There are rules in place extending special protections to these designated representatives, appointees, and judges in order to preserve the integrity of the government and to ensure that any defendant who engages in harmful or threatening behavior towards the people’s representatives faces serious consequences.
Those who are entitled to special protections include members of congress, cabinet members who are appointed by the president of the United States, and justices who are serving on the Supreme Court. Congress, the executive branch, and the Supreme Court together make up the three branches of the United States government created by the U.S. Constitution in order to ensure that there were checks and balances in place to prevent the unlawful exercise of power and to make sure the peoples’ voices are heard in government.
If you have been accused of violating laws that are in place to protect these officials serving within the federal government, you should be aware of the severity of the charges that you face. The consequences of being convicted can be life changing and you need to respond in an assertive and intelligent way to the charges you are facing to try to reduce the likelihood of conviction.
To develop your legal defense strategy, it is imperative that you have a skilled attorney who understands the federal laws related to crimes against government officials and who has practical experience defending clients in federal court who are facing serious charges. LV Criminal Defense can help.
Our federal criminal defense lawyers have provided representation to defendants in Arizona, California, Nevada, Utah, and surrounding states who are charged with all different types of federal crimes including those involving crimes against government officials.
To find out more about how our firm can help you when you are accused of wrongdoing or are charged, give us a call today.
Nick Wooldridge has a long track record of representing clients accused of serious federal and state crimes in Nevada.
18 U.S. Code Chapter 18 is the part of the federal penal code that defines the types of conduct that can result in being charged with criminal actions against congressmen, cabinet members, and Supreme Court justices. There is one statute within 18 U.S. Code Chapter 18 which establishes the specific nature of the crime, explains what a prosecutor would need to secure a conviction, and imposes penalties upon defendants who are convicted.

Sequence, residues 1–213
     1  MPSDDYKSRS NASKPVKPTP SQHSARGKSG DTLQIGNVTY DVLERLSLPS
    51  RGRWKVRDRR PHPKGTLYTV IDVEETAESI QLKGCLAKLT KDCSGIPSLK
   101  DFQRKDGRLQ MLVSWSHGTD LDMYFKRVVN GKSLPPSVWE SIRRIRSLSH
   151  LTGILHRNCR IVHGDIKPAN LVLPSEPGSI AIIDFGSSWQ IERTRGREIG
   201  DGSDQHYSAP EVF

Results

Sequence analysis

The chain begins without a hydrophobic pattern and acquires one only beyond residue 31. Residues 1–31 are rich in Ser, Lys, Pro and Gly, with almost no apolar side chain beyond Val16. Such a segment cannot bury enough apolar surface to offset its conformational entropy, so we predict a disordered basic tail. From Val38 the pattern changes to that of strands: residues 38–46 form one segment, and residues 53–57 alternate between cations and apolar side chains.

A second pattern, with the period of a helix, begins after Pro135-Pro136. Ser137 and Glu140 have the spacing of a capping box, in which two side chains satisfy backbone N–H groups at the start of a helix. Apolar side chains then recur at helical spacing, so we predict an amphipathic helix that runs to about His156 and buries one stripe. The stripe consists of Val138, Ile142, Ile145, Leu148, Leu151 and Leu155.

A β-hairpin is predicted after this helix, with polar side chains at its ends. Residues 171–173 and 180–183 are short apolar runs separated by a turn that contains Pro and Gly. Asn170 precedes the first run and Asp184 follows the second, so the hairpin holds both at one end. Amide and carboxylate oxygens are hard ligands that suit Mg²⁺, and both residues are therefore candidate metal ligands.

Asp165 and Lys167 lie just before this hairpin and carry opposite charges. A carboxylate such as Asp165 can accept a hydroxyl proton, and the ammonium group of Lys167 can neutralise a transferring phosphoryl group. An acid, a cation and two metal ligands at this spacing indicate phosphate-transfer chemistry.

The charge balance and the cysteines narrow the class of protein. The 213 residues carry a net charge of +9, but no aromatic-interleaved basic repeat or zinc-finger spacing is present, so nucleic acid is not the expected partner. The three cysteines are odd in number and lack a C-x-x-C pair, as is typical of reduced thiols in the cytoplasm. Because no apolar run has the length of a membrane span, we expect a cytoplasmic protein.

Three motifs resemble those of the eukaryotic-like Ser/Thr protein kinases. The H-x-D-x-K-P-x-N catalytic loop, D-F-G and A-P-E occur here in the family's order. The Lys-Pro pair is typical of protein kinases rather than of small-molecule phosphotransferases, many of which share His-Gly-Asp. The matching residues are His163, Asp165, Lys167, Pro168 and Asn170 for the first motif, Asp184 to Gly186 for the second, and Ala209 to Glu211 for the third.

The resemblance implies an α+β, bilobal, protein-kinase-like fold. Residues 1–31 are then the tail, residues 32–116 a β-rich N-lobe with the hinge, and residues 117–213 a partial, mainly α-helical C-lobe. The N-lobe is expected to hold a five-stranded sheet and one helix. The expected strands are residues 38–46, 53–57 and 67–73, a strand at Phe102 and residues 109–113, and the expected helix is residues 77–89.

The relevant statute is 18 U.S. Code section 351. According to this statute, you can be charged with a federal offense if you kill a member of congress or a member-of congress elect who has not yet taken office. You can also be charged if you kill a member of the executive branch of the government who is the head of one of many specific government departments, or who has been nominated to serve as a department head.
Directors, those nominated to be directors, second-ranking officials in departments, and the principal deputy director of national intelligence are also protected under this statute and you can be charged if you kill them, and the deputy director of the CIA is protected as well. If you kill a major presidential or vice presidential candidate or a Supreme Court justice or a nominee to the Supreme Court whose nomination is pending, you can be charged as well.
Killing any of these listed people will result in penalties as defined by section 1111 and section 1112 of 18 U.S. Code Title 18 . Section 1111 is the statute defining murder and Section 1112 is the statute defining manslaughter. Penalties could include up to life imprisonment or the death penalty.
Kidnapping one of the individuals named within 18 U.S. Code section 351, including officials, directors, or candidates can also lead to a defendant being charged. The penalty for kidnapping one of the protected government officials is either life imprisonment or death if the kidnapped person dies.
Attempted kidnapping, or attempted murder, can also result in life imprisonment, while conspiring with anyone else to violate 18 U.S. code section 351 by kidnapping or killing a protected government official could result in a life sentence or the death penalty.
Assaulting designated officials, on the other hand, can result in a fine and imprisonment for up to a year, unless a dangerous weapon was used or injury resulted, in which case a defendant convicted of the offense could face imprisonment for up to 10 years.
The relevant statute makes clear that alleged violations of the laws protecting government officials from kidnapping, murder or assault can be investigated by the Federal Bureau of Investigation (FBI). Federal, state, and local agencies, including agencies of the military, can also provide help with any investigation that must take place.
And, if a defendant is charged under this part of the federal code, it is not a defense to claim that he did not know who the official was. If the attack happens, the defendant can still be charged with this federal offense even if he did not realize his victim was a member of congress.
If you are accused of kidnapping, assaulting or kidnapping a government official protected by 18 U.S. Code section 351 – or of attempting to engage in any of these actions – your future and your very life could be at stake. You need to take swift action to reach out to a federal criminal defense lawyer who can fight for your future.
LV Criminal Defense represents clients in Nevada, Utah, Arizona, and California who have been accused of federal offenses. Because we have extensive experience defending clients in federal court, you can feel confident that your case is in good hands with us and we will do everything possible to help you get the best outcome possible.
To find out more about the assistance we can offer as you face serious charges, give us a call today.